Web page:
Durian Harvests and other Malaysian durian producers and exporters have gotten around this problem by flash freezing the pulp of the fruit at -30°C for half an hour and then storing and transporting at -18°C. They claim that through this process the fruit maintains the bulk of its flavor and texture once thawed.
According to Durian Harvests, Malaysia and China signed export protocols for frozen durian pulp in 2008 and Malaysia received official access approval from in China in 2011. Since then exports have grown briskly. Musang King and D24 are two of the most popular varieties in the China market.
Frozen Malaysian durian is available in China both as whole frozen durian pulp and as a puree. While the former is popular with end consumers and can be consumed just like fresh durian, the latter has become a hot item with confectioners, restaurateurs and other food processors. Durian flavored products than can be found in China include custard tarts, pizza, mooncakes, ice cream and a wide variety of other dessert items.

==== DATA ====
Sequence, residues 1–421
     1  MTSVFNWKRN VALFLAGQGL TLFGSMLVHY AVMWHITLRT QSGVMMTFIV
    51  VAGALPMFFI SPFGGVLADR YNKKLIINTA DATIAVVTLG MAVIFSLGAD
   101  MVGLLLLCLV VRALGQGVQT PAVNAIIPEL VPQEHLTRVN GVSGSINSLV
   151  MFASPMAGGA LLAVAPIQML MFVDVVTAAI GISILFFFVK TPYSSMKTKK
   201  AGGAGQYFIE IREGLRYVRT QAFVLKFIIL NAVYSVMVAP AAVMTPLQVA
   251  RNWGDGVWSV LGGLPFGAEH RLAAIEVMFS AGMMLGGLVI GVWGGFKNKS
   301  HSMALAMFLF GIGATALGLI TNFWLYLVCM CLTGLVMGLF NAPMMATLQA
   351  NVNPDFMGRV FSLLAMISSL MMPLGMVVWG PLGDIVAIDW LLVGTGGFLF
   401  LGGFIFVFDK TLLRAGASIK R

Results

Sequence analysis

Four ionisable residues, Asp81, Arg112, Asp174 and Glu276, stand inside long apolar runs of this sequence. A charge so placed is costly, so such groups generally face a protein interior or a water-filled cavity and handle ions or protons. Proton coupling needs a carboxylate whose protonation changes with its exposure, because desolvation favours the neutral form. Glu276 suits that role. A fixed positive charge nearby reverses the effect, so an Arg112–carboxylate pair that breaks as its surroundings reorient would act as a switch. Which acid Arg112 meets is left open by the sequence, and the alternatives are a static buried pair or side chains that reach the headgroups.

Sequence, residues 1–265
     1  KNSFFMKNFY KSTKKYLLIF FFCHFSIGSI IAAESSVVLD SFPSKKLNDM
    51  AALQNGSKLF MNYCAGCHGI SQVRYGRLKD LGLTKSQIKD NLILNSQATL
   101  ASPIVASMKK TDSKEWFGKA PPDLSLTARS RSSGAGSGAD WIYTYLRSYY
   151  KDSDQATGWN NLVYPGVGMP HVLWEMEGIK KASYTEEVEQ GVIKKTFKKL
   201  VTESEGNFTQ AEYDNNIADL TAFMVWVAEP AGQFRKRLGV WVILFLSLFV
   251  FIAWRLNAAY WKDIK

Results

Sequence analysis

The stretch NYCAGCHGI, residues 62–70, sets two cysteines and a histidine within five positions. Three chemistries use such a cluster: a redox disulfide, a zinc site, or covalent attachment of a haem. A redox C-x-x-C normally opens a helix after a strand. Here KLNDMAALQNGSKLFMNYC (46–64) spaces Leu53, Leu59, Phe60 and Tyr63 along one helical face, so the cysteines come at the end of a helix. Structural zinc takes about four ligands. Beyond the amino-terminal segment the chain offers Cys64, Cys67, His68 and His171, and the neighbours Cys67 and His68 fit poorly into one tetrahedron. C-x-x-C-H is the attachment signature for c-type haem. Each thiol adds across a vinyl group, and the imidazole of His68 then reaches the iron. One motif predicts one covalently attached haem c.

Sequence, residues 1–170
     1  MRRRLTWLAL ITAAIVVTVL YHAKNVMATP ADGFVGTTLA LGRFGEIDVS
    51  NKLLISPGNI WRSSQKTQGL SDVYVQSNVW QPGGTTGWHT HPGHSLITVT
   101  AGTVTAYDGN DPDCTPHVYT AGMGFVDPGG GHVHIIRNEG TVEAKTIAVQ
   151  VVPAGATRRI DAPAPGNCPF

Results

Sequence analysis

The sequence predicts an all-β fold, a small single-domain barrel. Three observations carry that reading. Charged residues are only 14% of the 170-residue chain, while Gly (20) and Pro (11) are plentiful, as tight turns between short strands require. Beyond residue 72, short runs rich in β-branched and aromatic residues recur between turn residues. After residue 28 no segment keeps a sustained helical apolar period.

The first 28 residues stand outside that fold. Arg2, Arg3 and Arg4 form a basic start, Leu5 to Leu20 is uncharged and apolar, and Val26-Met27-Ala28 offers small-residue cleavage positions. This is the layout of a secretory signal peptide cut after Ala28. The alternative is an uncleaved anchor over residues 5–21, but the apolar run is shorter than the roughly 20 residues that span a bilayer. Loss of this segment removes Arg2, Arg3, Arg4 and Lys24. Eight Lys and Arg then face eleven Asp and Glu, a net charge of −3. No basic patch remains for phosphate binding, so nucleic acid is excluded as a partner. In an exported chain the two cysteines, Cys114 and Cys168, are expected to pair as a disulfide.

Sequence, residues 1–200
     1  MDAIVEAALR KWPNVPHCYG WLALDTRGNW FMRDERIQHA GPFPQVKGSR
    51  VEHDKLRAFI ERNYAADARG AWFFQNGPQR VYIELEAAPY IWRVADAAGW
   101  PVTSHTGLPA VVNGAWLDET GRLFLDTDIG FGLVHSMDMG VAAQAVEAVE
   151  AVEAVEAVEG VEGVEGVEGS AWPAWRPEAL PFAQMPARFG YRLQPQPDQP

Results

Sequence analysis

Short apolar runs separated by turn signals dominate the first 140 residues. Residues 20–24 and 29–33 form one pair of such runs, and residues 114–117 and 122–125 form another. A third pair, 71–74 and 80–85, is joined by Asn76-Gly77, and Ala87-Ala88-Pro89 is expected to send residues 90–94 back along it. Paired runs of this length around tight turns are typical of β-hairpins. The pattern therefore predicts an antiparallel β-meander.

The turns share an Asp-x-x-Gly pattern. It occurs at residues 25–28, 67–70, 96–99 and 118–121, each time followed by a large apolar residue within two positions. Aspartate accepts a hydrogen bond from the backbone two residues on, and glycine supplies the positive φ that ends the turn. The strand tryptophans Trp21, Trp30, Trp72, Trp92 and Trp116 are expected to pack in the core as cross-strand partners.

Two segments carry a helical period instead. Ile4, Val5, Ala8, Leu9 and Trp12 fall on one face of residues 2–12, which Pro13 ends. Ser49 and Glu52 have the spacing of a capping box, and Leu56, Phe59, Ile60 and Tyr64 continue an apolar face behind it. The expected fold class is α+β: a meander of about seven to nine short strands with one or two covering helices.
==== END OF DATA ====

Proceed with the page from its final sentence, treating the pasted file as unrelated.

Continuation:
Durian Harvests reported that it first starting importing frozen Malaysian durian in 2010. After 2013 it saw consistent sales growth of 30% per year, and this year expects to import 300 tons of Malaysian durian. Even with all the growth in recent years, Royal Durian believes the market has plenty of room to grow—noting that most growth in recent years has come from southern China, with demand in China’s north just beginning to heat up.
Known as the “king of fruits”, Durian is something of luxury product in China. As such, the price of durian reflects its status—high. Hence, many durian lovers’ cravings go unsatisfied. Entering June, durian has reached its peak season. A month ago, the retail price of durian was about 80 Yuan (USD 11.76) per kg. The price has dropped by more than half, to below 40 Yuan (USD 5.88) per kg. On e-commerce platforms, the sales price is between 12-14 Yuan (USD 1.76-2.06) per kg, arguably the lowest price in history. Abundant harvest in main durian growing areas is responsible for this price drop.